- Work is not confined to 9 to 5. Technology has made the traditional 9-to-5 model obsolete — for all workers, of all generations. (Unless you are marooned on a desert island), no one is ever out of touch or off the clock. When workers go home, they’re still working because who they are personally and professionally have become one and the same. For employees, we need to consider be conscious about how we balance our personal and work selves. WE need to manage this, not our boss. For employers we need to be cognizant of both the benefits and drawbacks of round-the clock connectivity. Bosses need to be hyper-respectful of their workers and conscious of not taking advantage of them. This is a main reason why flexible work hours and work venues make so much sense for working millennials. Most of us don’t mind answering an email or taking a call at home, so long as when we need some extra time off to take our kid to the doctor, we have the flexibility to do so. It all balances out.
- Make change or be affected by it. When I talk with senior executives, a common theme I hear is “I wish my people would take more initiative. I feel like I have to drive everything.” Oddly, when you speak to middle managers or lower level employees IN THE SAME COMPANY, they often say they feel unable to take initiative for any number of reasons that seem rational to them. How can this dichotomy exist? The less innovation that comes from below forces the execs to drive more from the top, which makes lower employees feel they are not involved or in control of their destinies. It is a sort of vicious circle. We need to spend less time listing the reasons why not and more time figuring out how to. So be willing to take the initiative. If your boss is threatened by it, or doesn’t appreciate it — you have a bigger problem to solve (finding a boss who is excited about your ability to think and innovate – – see item #5 below).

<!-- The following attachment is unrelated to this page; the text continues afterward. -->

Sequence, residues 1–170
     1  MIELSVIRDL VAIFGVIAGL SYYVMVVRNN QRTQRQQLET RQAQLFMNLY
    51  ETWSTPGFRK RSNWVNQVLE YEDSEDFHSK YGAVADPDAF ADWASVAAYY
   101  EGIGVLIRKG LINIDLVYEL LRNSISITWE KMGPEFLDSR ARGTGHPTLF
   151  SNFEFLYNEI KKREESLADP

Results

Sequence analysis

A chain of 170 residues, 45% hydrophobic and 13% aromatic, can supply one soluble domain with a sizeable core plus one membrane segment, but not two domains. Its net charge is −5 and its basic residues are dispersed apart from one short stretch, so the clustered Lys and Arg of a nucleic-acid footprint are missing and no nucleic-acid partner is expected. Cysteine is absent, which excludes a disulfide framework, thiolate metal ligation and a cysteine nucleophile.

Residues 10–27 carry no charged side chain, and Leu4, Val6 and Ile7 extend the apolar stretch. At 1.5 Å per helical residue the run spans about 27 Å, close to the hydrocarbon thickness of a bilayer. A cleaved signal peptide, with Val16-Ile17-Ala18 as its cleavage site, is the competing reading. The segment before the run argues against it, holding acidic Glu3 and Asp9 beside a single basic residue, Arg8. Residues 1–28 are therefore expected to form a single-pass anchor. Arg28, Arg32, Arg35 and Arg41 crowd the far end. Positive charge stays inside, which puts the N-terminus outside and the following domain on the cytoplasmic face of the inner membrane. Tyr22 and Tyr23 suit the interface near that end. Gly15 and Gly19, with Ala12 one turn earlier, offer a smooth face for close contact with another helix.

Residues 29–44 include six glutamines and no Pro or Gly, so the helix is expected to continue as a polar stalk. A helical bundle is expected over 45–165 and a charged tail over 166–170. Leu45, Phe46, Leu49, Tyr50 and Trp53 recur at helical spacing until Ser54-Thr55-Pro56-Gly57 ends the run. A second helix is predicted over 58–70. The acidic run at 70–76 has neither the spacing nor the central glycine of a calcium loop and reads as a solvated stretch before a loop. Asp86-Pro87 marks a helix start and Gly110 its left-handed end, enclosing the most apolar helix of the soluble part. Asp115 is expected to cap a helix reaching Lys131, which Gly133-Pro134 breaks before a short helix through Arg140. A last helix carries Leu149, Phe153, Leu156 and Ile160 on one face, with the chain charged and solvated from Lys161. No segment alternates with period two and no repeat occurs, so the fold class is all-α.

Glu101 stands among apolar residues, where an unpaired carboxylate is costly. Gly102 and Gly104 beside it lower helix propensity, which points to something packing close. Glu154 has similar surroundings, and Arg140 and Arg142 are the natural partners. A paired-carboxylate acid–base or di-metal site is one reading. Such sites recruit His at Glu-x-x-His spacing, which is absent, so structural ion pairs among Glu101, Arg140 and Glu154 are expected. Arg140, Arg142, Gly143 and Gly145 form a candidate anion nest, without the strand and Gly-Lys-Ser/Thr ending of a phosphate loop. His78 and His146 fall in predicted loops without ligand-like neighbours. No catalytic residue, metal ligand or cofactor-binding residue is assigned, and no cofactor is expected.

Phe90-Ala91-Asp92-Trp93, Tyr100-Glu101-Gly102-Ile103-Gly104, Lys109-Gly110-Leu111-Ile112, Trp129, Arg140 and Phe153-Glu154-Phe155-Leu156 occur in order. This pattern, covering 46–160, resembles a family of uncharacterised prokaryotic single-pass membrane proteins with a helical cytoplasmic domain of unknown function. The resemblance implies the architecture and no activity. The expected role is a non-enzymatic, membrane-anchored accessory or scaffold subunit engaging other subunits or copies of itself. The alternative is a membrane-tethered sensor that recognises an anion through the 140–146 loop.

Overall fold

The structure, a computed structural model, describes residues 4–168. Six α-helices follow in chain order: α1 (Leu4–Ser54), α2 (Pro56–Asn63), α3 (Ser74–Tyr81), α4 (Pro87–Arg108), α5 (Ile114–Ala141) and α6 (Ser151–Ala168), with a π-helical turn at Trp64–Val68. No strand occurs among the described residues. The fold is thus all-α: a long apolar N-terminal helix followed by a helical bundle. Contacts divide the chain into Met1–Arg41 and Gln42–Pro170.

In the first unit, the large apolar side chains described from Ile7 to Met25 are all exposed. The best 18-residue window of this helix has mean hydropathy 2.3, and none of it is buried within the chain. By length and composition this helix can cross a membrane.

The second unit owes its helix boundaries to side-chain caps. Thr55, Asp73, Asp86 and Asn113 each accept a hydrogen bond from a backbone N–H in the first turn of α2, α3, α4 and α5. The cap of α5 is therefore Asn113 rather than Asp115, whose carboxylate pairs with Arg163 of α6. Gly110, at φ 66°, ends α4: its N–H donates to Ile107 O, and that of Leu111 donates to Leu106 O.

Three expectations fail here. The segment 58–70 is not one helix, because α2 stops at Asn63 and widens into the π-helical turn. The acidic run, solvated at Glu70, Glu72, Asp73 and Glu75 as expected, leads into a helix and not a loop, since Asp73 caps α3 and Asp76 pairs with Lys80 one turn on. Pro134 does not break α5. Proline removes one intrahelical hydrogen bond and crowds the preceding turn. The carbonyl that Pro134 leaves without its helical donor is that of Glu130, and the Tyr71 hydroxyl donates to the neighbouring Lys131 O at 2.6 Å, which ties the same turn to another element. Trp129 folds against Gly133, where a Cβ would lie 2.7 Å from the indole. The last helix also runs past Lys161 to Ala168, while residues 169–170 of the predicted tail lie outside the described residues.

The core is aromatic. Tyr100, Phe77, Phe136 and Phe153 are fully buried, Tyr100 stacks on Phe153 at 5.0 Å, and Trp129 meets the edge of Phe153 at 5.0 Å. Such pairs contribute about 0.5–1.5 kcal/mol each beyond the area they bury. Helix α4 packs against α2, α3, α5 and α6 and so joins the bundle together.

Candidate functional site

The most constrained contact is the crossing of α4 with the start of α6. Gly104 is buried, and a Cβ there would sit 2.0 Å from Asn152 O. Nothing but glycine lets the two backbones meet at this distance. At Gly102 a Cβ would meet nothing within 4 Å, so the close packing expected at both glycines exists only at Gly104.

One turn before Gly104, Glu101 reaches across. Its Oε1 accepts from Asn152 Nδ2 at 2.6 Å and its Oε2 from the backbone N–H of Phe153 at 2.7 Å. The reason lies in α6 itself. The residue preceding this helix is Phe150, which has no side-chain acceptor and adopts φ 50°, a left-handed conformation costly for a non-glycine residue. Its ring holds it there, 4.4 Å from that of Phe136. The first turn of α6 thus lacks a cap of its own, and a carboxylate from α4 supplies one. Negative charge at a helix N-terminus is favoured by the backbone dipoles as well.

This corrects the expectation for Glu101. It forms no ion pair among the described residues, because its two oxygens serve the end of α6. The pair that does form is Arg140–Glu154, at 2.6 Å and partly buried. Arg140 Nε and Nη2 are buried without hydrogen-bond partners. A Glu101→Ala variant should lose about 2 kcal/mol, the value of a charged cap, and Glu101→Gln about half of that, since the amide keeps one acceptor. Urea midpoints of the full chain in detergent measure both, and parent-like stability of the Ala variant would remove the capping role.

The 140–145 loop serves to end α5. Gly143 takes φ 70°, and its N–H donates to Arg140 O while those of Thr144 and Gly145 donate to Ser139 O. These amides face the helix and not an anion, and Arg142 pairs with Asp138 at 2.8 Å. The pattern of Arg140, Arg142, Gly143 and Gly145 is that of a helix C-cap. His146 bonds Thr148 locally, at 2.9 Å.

- You are accountable for your own career. This goes along with item number 2 above. No matter what assistance your HR department offers with career planning. Shame on you if you do not take responsibility for your own career trajectory! Start by figuring out what your professional and life goals are. Think through which aspects relate to your work and start planning. You can ask your boss to help you get the kind of assignments you feel will stretch you. You can network with others, looking for areas where you might want to work next. You can do your own skills gap analysis and take steps to get that degree, training or certification that addresses the holes. You can ask for a transfer, and you can start a job search outside your current employer. I have known some people in the auto industry who spent their entire career at one company. Now at age 50, they are in dead-end jobs with no transferable skills.
Google is one interesting company that has created a formal system to permit pretty amazing agility. They allow all employees to, at their own discretion, work on any project or activity they feel would benefit the company. For some they will spend their 20 percent of their time working on a project with another departmental team (if it interests them). This places a premium on internal networking, communicating your own skill sets to friends and colleagues, and in thinking about what you might be doing above-and-beyond your day job that can enrich both yourself and your organization.
Millennials vs. Baby Boomers: Who Would You Rather Hire?, by Dan Schwabel, from TIME Magazine
The Beginning of the End of the 9-to-5 Workday?, by Dan Schwabel, from TIME Magazine